NEWS
By MIKE FEINSILBER | March 15, 1992
Washington. -- American popular culture -- from Madonna to the Super Bowl, from Stephen King to the Reader's Digest -- helped conquer communism and now, for better or worse, is overrunning the world.Figures from the world of scholarship, entertainment and communications disagreed at a conference last week over whether the phenomenon -- "the Americanization of the world" -- was good or bad.But in talks and papers presented at a conference of the American Enterprise Institute, a think tank, they generally agreed it was happening.
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By Steve McKerrow | April 1, 1991
For many Americans -- as well as in the preponderance of media -- the Persian Gulf war is understood in stark terms: Bad guy Saddam Hussein invaded the little country of Kuwait, the United Nations coalition drew a line in the sand, gave the new Hitler an ultimatum and finally went in and forced him out.OK, so why is there still savage fighting in Iraq? We hear about at least four factions -- Kurds, Shiites, Palestinians and Saddam's Revolutionary Guard. What's the difference between them?
FEATURES
By David Bianculli and David Bianculli,Special to The Sun | September 12, 1994
This is the day on which the syndicated TV market goes crazy, with first-run shows and off-network reruns added to the mix -- including new talk shows headed by Suzanne Somers and Gordon Elliott. The more noteworthy news, however, is prime time, where this week before the "official" fall season looks a lot like the first week OF the fall season.* "Coach." (8-8:30 p.m., WJZ, Channel 13) -- It always made sense, to me, to consider moving "Coach" to Monday nights, where it could lead quite nicely into the same network's "Monday Night Football."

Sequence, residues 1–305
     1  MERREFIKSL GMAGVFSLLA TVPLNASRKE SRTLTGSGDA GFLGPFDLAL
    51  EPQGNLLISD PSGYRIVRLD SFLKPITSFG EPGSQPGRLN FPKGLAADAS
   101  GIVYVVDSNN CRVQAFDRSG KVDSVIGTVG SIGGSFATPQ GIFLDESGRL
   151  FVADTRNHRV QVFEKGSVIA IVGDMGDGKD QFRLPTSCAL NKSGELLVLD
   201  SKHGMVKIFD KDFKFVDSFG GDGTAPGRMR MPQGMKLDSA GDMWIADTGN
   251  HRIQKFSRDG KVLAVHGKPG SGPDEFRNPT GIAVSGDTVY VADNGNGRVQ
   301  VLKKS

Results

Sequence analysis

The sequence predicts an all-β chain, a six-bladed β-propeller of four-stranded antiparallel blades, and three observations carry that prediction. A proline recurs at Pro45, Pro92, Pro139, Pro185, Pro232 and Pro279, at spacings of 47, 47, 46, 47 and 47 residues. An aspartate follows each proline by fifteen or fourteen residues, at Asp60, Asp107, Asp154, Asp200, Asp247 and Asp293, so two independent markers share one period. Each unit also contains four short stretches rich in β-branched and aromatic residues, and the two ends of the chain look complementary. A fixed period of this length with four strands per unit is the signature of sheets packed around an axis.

NEWS
By BARBARA SAMSON MILLS FROST THE FIDDLER Janice Weber. St. Martin's Press. 338 pages. $19.95 | October 25, 1992
AMERICAN GIRLMary Cantwell.Random House.209 pages. $20."American Girl" is a joyous book. Author Mary Cantwell remembers her childhood in Bristol, R.I., a typical American town in the 1930s: "Bristol Harbor is enclosed by two claws, a big claw which is the town itself and a little claw called Poppasquash Point -- and sailboats dance on it in summer. Lobster boats plow through it all year round and so does the dumpy Prudence Island ferry."She reminds readers of the way we were -- Jack Benny on the radio, a white graduation dress that "falls like a cloud," the smell of saltwater, sachet and privet.
SPORTS
By Milton Kent | July 30, 1996
How would you feel if, after years of toil, training and suffering, you had turned yourself into the world's best, only to have the moment tainted by a sense of underachievement?If that happened, you would be in good company, since you'd be joined by Michael Johnson, whose golden moment, a win in the 400-meter run, was tarnished by the weight of NBC's expectations.Before the race, NBC hands from Bob Costas to race callers Tom Hammond and Craig Masback set the table for Johnson's certain demonstration of superiority, with Masback implying that with the Olympic Stadium track yielding world records in other sprints, Johnson would do no less.